Mental Health Resources for Farmers and Ranchers

May is Mental Health Awareness Month. Mental health is a serious concern for the farmer rancher population. Access to healthcare, financial crisis, adverse weather conditions, and the stigma around mental health issues all contribute to these concerns.

Mental health issues affects 1 in 5 individuals. This means people in your community, family, and where you work are dealing with this on a daily basis. We have included some tools and resources to help break the stigma and offer support of mental health care.

Tips and Resources

Many times, individuals struggling with stress, depression, anxiety, or suicide struggle to reach out for help. It is important that we pay attention to those around us, know the signs, and know how where to get help.

How You Can Help

Jami Dellifield, Ohio State University Extension Educator includes tips for how to talk to someone you are worried about and asking the right questions.

Start with compassion.

Dellifield suggests asking the person if they would like to go for a ride or get a cup of coffee. It is much easier for a person to have these serious conversations side-by-side rather than face-to-face. If you don’t know how to start the conversation, just say. “I’m really concerned about you. I’ve noticed you haven’t been yourself. Is there something bothering you or something you’d like to talk about?”.

Listen without judgement.

Many times, the truth will come out, and we are not always ready for the response we get, especially from our loved ones. It is important to listen without judgement. It is very difficult to express when things are not going well, and the last thing someone struggling wants is to feel judged. Practice listening and understanding, so you are prepared for these difficult conversations.

Check out this resource for asking the right questions and how to help in times of stress. How to Help your Stressed-Out Farm Neighbors.

Be there.

Sometimes people just need a break and someone to talk to. Farming and ranching are always affected by the seasons, and sometimes the farmers and ranchers are too. They may just need a break, someone to talk to, or just need to get away for a little bit. Offer to help where you can to alleviate some of the stress. Having someone there to take some of the burden of stressful times may be all it takes to give someone hope and a fresh start.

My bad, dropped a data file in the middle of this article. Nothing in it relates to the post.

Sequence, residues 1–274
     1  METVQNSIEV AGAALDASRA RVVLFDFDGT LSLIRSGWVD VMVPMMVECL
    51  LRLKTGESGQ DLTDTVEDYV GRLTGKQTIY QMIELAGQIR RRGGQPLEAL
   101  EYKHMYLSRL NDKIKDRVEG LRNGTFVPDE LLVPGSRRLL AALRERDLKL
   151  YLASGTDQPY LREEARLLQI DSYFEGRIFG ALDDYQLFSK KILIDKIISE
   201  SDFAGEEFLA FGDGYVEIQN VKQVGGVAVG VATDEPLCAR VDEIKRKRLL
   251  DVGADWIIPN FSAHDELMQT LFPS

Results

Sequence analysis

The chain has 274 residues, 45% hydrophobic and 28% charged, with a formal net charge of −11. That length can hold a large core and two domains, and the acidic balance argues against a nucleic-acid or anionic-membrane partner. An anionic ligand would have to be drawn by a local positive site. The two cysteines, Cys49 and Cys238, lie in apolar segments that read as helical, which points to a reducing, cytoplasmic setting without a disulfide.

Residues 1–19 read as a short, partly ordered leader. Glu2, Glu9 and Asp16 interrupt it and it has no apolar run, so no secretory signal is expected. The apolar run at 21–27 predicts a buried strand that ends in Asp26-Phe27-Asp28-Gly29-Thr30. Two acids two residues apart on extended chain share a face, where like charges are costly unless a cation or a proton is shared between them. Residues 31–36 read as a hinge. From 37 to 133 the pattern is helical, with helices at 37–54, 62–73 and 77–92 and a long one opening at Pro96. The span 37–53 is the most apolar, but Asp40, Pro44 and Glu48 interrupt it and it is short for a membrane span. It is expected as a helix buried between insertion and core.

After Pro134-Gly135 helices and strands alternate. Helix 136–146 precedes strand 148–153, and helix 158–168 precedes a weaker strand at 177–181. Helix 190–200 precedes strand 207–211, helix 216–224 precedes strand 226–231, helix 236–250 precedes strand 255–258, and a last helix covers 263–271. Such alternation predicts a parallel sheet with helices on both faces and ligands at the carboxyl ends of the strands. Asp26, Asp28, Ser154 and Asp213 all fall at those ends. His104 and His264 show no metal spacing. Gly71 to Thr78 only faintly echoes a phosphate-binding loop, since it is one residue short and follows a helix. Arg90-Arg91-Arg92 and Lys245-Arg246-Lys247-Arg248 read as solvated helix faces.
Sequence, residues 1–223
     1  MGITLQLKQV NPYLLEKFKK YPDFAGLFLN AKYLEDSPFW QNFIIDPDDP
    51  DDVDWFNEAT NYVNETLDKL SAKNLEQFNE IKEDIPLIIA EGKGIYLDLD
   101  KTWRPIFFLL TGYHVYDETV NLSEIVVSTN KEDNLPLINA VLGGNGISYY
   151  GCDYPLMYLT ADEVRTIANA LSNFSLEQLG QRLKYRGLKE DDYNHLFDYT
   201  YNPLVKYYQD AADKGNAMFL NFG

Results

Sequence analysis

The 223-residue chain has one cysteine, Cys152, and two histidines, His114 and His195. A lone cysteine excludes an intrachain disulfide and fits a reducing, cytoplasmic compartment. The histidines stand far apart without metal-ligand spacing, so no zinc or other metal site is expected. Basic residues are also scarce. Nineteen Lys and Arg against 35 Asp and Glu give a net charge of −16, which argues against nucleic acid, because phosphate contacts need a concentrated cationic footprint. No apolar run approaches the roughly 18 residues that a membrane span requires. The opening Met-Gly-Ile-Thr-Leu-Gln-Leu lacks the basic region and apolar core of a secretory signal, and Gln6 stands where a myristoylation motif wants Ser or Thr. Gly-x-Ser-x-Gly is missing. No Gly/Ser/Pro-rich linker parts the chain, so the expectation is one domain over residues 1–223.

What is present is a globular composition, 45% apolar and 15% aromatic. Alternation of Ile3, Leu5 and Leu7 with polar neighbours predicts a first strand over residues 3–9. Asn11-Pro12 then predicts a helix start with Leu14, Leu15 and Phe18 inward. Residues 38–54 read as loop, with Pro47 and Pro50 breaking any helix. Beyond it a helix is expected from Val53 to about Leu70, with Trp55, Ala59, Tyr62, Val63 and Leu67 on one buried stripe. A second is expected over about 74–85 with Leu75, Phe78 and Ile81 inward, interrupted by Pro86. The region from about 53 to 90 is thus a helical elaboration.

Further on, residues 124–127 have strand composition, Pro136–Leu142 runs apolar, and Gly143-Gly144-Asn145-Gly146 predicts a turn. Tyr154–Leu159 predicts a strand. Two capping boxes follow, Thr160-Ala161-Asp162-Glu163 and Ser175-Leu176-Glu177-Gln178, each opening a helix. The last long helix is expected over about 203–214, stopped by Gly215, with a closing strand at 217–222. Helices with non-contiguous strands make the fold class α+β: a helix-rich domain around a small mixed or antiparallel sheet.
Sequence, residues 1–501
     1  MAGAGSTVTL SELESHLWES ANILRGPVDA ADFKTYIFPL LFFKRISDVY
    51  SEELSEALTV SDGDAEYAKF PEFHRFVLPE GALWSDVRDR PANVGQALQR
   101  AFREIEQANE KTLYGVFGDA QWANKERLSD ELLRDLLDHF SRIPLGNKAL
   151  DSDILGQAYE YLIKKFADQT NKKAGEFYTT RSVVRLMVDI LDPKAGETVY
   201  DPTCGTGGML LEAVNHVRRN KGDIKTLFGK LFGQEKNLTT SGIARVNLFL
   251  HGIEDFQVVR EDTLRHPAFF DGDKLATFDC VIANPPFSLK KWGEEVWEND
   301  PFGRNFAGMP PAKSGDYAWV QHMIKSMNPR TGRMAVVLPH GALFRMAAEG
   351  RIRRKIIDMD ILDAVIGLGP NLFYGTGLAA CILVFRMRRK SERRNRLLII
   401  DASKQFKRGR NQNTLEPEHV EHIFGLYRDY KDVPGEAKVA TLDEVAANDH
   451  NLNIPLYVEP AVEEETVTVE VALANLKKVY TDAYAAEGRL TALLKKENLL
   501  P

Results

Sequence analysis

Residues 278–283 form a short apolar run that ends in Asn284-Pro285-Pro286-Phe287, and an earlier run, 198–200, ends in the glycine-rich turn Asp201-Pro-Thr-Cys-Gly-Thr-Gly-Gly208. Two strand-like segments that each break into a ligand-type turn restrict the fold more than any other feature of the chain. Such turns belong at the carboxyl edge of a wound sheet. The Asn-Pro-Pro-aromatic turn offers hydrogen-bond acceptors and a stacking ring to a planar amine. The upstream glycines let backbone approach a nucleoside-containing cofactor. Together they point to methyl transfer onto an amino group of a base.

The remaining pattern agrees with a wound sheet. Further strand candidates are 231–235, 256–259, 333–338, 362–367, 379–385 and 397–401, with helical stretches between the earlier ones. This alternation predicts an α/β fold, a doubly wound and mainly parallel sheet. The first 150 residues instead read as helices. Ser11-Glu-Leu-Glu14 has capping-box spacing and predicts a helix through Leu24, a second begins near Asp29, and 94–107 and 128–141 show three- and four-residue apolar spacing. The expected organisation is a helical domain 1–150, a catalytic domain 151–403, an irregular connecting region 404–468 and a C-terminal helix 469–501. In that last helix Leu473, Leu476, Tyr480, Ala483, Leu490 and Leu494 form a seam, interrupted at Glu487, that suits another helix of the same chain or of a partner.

Know where and how to get help.

Depending on the situation and severity of the issue, there are a plethora of ways we can help. Sometimes it is difficult to know where and how to get help once you know what the person is struggling with. We have included some links to helpful resources and crisis numbers for individuals struggling with mental health issues.

National Suicide Prevention Lifeline : 1-800-273-TALK (8255)
Crisis Text Line : Text “CONNECT” to 741741

Ag Help Hotlines: Farm Aid Hotline (9 a.m. – 5 p.m. Monday – Friday)
(800) FARM-AID / (800) 327-6243

2-1-1 Texas, a program of the Texas Health and Human Services Commission, is committed to helping Texas citizens connect with the services they need. 2-1-1 Texas is a free, anonymous social service hotline available 24 hours a day, 7 days a week, 365 days a year.
No matter where you live in Texas, you can dial 2-1-1, or (877) 541-7905, and find information about resources in your local community. Whether you need help finding food or housing, child care, crisis counseling or substance abuse treatment, one number is all you need to know.


Farm Safety Check: Stress and Wellness. Do you know the signs of stress? This resources provides a checklist of signs and symptoms of stress and what you can do if you recognize these symptoms in yourself or someone you know.

Mental Health and the Impact on Wellness for Farm Families – a guide for farmers and farm families

Blog Article by: Makenzie McLaurin Thomas

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